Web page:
I'm a big fan of Fagan Inspection, a proven and effective method software defect prevention. Note the spelling: Michael Fagan has never been unkind to Oliver Twist, unlike old Fagin. (He is also a real person, even if he does look like Max Headroom). One of the techniques an inspection leader may employ is to have a "novice" on the team: someone unfamiliar with the product domain who will ask obvious questions and may thus uncover unwarranted assumptions.
Let me now take on the role of the novice in the domain of economics. In recent months we have learned that the "sub-prime" mortgage crisis arose because banks had been lending too much money to high-risk borrowers; many borrowers defaulted on repayments, causing enormous losses in the finance industry and a tightening of credit. Stock markets around the world have reacted with steep falls.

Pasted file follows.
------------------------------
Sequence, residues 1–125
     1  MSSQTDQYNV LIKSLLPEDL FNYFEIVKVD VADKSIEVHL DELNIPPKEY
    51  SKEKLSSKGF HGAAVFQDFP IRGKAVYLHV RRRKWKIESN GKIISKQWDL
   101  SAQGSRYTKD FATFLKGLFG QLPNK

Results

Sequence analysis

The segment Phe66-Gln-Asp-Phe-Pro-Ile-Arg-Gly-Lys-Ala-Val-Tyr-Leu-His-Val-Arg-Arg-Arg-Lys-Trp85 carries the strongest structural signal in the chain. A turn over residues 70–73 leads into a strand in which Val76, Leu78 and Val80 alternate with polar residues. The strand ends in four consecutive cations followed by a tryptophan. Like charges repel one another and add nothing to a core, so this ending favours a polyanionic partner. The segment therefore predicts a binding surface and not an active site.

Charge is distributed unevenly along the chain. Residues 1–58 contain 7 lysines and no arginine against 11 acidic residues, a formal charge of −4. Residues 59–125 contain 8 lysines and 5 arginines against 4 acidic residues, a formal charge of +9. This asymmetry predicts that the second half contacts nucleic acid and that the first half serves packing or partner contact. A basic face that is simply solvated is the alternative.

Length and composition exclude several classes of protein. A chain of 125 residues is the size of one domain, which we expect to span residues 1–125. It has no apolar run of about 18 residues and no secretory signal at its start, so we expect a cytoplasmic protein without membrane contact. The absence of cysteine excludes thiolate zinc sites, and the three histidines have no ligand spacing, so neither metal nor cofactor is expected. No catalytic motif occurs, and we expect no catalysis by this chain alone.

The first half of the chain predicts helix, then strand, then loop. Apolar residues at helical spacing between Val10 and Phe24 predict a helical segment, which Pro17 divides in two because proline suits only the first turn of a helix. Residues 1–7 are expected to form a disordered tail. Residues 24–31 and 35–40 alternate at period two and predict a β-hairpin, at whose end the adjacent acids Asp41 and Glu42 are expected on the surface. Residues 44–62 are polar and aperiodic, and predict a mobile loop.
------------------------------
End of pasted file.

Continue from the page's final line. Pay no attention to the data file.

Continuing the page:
To stop this cascade of trouble, the Federal Reserve has decreed a sharp cut in the interest rate. In other words, they've loosened the constraints on credit. The root cause of the problem was easy money... so the US government's remedy is easy money. This seems like a mediaeval quack deciding to bleed a patient who is suffering from the symptoms of anaemia.
We Brits, meanwhile, will soon be forced to lend billions of pounds to a bank.
Fagin would have been impressed.